However, options for saving with returns comparable to cost of borrowing in the informal money management structures remain limited.
How can these be improved and what interventions can be made by stakeholders such as banks, government ministries and women themselves to ameliorate the problems?
There are two obvious ways in which an intervention can improve the lives of women and the financially excluded. The string point is for innovation in the financial sector to bring down the cost of financial intermediation associated with the women and the marginalised.
Secondly, structures need to be created that allow women and the poor to obtain real returns from the process of financial intermediation, particularly savings.
Practically, this would entail, not just giving the women access to credit at rates lower than the informal money market rates, but also giving them options to save in the formal system, whilst earning returns comparable to the cost of borrowing.
The benefits of group lending models
The current body of literature in microfinance suggests that institutional innovations, like lending to jointly liable groups, have allowed women and the poor to get access to credit at favourable terms.
This allows them to invest in a greater range of socially viable projects, smoothen their consumption and to a greater extent allows their overall incomes to rise.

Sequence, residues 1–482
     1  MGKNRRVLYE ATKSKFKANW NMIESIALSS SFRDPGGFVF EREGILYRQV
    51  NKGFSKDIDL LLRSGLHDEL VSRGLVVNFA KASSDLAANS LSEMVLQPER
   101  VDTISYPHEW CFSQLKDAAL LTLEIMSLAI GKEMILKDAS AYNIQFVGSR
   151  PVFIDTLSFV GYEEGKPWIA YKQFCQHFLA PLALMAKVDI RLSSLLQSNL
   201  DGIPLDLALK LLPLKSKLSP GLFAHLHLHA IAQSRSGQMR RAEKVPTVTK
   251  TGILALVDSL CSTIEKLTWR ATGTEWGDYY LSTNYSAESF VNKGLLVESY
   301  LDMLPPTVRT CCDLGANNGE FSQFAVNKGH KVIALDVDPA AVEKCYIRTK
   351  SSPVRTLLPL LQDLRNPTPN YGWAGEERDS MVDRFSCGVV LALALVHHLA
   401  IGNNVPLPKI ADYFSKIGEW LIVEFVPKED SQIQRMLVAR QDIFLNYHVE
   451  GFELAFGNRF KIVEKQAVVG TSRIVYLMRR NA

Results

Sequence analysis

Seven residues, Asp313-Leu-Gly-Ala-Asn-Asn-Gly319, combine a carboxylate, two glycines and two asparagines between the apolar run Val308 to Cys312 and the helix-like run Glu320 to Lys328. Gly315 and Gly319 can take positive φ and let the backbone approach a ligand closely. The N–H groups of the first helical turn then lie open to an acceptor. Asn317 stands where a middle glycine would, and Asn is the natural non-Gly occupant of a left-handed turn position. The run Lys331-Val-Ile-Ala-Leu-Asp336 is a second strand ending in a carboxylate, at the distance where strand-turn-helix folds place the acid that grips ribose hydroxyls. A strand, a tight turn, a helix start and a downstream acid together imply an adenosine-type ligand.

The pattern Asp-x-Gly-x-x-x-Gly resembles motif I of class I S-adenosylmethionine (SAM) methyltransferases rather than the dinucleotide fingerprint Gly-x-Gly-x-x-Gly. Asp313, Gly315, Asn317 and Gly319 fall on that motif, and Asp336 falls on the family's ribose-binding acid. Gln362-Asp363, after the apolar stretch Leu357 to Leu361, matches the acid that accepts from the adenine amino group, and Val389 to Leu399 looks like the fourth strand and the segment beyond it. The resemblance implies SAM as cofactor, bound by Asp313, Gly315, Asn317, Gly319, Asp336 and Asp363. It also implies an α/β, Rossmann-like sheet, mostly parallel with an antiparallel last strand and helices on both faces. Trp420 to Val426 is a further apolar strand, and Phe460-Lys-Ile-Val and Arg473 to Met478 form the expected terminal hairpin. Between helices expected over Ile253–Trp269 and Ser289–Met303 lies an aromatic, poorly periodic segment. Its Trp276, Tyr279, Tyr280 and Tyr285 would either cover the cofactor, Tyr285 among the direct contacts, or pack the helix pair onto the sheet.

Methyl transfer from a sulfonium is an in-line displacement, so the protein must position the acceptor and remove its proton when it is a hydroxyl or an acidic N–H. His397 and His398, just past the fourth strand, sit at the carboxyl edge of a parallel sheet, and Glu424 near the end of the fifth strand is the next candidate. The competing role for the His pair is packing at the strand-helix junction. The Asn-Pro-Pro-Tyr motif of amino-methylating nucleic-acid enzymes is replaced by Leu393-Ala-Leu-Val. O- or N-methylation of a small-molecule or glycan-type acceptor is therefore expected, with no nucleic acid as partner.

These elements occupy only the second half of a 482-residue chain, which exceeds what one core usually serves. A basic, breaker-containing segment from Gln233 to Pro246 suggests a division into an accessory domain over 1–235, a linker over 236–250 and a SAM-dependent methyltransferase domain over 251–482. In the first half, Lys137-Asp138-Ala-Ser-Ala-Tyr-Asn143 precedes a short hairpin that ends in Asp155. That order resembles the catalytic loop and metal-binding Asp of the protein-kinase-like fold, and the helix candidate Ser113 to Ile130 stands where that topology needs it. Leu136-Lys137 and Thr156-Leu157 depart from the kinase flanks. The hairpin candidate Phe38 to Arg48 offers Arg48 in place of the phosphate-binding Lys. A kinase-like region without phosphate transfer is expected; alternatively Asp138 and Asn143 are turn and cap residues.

However, the literature, hitherto, has overlooked the obvious numerous benefits of involving savers in group lending. Every person is a potential saver and there are distinct benefits of our women folk in their role as savers in the economy. Apart from the obvious advantage of improving their welfare, there is, as we see in what follows because of the organised nature of women’s groupings, the additional advantage of using them to solve the informational problems associated with lending to the poorer segments of society.
Women in many instances often have no collateral to offer against their borrowings and, for obvious reasons, lenders may feel that they bear very little liability of failure, when they borrow. Hence this has been put forward as one of the reasons why access to credit by women is generally lower.
Group lending methodologies resolve these problems by giving “the peers” ie group members, the requisite incentives to solve the informational problems associated with this kind of lending.
Conceivably, the sharper the incentives peers have, to screen, monitor and audit the borrowers, the easier it is to solve the informational problems.
Savings-led group lending models are one type of group lending arrangement that can be implemented by women’s groups in Zimbabwe. Under this model, the members have dual roles as both borrowers and savers. The savings can be accumulated in a savings account with a bank, and then lent out to qualifying members in accordance with agreed rules.
The advantage of placing the accumulated savings with the bank before they are lent out is that the members will eventually be able to negotiate with the bank for additional funds depending on how well-organised they are and how they are managing their group or association.
Leveraging these women’s associations or groups can certainly influence the growth of savings in the economy.
l Clive Mphambela is a Banker. He writes in his capacity as Advocacy Officer for the Bankers Association of Zimbabwe. BAZ expressly invites all stakeholders to give their valuable comments and feedback related to this article to him on email@example.com or on numbers 04-744686, 0772206913